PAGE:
RCMP To Pilot BC Bullying Prevention Program In Rural Canada

Youth bullying knows no boundaries. Both urban and rural children are subjected to the damaging behaviour that erodes their mental health and can lead to suicide. Youth in Canada’s remote communities are particularly vulnerable. A new partnership between the RCMP, youth organizations and researchers from the University of Victoria will train RCMP youth officers to assist schools and rural communities in delivering a successful BC anti-bullying program where it’s never been offered before.

Recently six RCMP officers from across Canada received training in Ottawa in the evidence-based WITS Program (for Walk away, Ignore, Talk it out and Seek help), developed through a UVic-community partnership, to help them better understand and prevent bullying in elementary school education. The officers will put their training to use in the rural communities of: Campbellton, New Brunswick; Morris, Manitoba; Bonavista NFLD; St. Peter’s, Nova Scotia; Consort, Alberta; and Cut Knife, Saskatchewan.

“The primary goal of the program is to create communities that are responsive to the prevention of peer victimization and bullying,” says Dr. Bonnie Leadbeater, who developed the WITS program. “Many rural communities do not have a WITS program; these officers will play a central role in assisting school staff, parents, and community leaders in taking a unified approach to reducing bullying in their communities.”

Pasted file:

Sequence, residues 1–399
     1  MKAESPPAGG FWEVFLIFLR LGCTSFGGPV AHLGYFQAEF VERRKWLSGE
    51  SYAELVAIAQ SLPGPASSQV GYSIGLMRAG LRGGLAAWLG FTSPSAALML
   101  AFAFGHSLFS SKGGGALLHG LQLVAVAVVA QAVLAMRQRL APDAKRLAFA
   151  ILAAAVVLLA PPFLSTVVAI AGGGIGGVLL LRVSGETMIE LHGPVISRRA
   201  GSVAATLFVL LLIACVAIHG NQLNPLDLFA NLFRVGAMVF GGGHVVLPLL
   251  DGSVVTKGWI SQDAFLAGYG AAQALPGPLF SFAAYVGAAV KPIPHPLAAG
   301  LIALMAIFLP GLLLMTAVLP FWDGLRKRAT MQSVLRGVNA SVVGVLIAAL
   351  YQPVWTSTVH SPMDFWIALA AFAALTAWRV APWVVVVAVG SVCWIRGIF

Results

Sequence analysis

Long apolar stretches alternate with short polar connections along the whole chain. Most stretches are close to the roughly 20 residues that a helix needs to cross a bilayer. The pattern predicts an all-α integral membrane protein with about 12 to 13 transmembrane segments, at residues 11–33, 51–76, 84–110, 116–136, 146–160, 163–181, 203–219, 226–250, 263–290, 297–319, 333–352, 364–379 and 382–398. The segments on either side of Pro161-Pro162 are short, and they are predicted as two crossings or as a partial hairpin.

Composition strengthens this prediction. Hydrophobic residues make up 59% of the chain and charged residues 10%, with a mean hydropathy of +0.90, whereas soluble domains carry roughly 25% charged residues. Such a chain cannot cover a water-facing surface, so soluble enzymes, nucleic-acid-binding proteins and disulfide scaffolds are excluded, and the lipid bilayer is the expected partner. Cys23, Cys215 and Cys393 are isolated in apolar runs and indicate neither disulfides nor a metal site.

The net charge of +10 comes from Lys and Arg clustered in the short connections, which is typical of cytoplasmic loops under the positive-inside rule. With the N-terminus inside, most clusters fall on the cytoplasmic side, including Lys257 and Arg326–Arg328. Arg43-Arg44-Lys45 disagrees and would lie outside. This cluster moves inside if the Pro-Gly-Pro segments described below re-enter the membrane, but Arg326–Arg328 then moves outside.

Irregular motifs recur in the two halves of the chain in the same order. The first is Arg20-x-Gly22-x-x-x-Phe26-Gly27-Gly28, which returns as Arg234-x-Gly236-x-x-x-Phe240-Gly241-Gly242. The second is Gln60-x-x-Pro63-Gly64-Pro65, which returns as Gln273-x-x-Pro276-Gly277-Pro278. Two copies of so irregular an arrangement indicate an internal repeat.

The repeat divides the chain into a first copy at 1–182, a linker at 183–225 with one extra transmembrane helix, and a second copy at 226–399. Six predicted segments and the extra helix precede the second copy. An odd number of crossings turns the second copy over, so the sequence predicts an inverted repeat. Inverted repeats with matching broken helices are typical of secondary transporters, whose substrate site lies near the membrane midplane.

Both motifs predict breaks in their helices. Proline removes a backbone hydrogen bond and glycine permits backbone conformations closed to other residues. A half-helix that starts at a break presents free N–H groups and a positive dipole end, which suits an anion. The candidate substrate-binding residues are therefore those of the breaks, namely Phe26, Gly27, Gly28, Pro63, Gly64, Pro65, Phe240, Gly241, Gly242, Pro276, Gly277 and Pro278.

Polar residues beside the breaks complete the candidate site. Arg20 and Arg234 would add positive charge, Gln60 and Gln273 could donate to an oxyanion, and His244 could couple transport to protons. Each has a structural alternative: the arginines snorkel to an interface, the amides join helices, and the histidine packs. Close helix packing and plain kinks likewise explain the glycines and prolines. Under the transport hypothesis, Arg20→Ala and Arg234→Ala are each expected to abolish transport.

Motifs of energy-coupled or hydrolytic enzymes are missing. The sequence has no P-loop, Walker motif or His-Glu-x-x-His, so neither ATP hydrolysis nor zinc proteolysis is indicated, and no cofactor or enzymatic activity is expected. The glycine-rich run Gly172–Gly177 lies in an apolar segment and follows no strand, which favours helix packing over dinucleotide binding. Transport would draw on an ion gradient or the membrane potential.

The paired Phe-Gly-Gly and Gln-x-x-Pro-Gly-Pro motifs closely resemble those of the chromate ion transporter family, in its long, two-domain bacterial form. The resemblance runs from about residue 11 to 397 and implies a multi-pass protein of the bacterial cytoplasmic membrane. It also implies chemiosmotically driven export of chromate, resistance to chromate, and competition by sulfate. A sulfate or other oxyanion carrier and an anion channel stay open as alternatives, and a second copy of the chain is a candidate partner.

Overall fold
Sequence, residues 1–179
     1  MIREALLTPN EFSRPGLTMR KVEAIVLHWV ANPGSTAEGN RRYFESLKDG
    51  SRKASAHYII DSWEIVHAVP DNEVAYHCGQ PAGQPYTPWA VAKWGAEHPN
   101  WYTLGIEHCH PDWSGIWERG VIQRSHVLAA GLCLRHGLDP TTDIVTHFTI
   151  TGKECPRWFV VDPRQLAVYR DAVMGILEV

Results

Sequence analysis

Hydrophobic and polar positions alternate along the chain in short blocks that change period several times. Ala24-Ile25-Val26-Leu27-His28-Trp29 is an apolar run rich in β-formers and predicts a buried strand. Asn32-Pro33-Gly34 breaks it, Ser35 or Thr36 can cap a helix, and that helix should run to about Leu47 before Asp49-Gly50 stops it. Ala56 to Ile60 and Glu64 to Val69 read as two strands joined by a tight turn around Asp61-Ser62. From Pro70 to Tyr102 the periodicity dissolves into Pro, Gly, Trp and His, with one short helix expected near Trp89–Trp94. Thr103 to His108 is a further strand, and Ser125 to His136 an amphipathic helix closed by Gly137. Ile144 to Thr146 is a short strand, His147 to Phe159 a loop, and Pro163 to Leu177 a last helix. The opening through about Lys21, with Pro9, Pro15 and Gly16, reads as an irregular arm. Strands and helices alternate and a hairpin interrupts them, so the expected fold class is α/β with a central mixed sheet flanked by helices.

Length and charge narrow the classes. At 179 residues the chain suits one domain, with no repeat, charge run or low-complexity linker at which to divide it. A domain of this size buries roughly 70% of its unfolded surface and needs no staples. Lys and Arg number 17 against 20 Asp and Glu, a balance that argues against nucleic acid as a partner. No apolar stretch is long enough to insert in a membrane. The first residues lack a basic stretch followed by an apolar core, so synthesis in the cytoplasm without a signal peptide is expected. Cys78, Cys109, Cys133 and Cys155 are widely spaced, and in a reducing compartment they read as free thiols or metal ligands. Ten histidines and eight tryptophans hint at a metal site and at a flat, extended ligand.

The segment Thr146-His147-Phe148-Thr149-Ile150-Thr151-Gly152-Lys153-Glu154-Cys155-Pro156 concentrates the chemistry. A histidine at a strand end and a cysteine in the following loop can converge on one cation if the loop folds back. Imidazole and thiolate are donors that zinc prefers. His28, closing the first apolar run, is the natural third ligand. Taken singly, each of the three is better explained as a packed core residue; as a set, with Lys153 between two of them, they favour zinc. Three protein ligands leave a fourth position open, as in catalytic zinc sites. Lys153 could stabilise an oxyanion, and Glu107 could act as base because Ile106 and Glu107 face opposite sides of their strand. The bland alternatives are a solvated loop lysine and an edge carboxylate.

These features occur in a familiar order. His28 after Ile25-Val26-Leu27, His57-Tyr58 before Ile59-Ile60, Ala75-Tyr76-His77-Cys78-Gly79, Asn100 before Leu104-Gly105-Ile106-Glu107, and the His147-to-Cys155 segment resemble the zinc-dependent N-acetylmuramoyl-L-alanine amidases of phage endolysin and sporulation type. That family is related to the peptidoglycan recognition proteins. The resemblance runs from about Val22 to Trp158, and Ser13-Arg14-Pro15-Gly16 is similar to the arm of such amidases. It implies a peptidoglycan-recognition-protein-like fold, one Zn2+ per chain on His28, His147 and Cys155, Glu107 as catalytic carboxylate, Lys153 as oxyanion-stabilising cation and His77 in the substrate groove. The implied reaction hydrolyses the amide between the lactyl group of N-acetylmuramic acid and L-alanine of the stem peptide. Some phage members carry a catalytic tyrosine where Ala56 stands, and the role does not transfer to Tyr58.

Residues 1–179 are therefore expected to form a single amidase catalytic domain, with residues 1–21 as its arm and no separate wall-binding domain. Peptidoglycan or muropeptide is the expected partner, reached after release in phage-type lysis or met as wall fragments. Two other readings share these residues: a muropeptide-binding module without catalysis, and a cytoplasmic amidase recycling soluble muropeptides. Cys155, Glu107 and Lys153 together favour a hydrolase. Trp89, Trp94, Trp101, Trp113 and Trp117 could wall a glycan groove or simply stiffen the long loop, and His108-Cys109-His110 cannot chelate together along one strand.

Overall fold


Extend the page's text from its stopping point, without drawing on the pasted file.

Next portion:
Funded by the Canadian Institutes for Health Research, the project builds on a unique partnership that links the RCMP’s National Youth Officers Program with leaders of: PREVNet, a national network of Canadian researchers and youth serving organizations; the Rock Solid Foundation, a not-for-profit crime prevention group in Victoria, BC; and researchers from the University of Victoria.

The RCMP provides youth officer services for approximately 5,000 schools in Canada, many in rural and Aboriginal communities, however crime prevention is a responsibility for all RCMP officers.

“The RCMP recognizes that our communities and our partners are critical to ensuring successful outcomes for our youth,” says Insp. Shelly Dupont, the officer in charge of the RCMP’s National Crime Prevention Services. “Through the dedication of our officers, we support our youth by providing them with the skills and knowledge to recognize, report and address inappropriate actions and build positive relationships.”

UVic researchers will evaluate the impact of introducing WITS to the initial six rural Canadian communities and then will discuss with the RCMP the potential for further expansion. For more information about WITS visit http://web.uvic.ca/wits/
 

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Media contacts

>Dr. Bonnie Leadbeater (Psychology) at 250-721-7523 or bleadbea@uvic.ca

Anne MacLaurin (Social Sciences Communications) at 250-217-4259 or sosccomm@uvic.ca

Cpl. Ajit Tiwana (RCMP Media Relations) at 613-843-6974

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Keywords: rcmp, pilot, bc, bullying, prevention, progr, rural, canada


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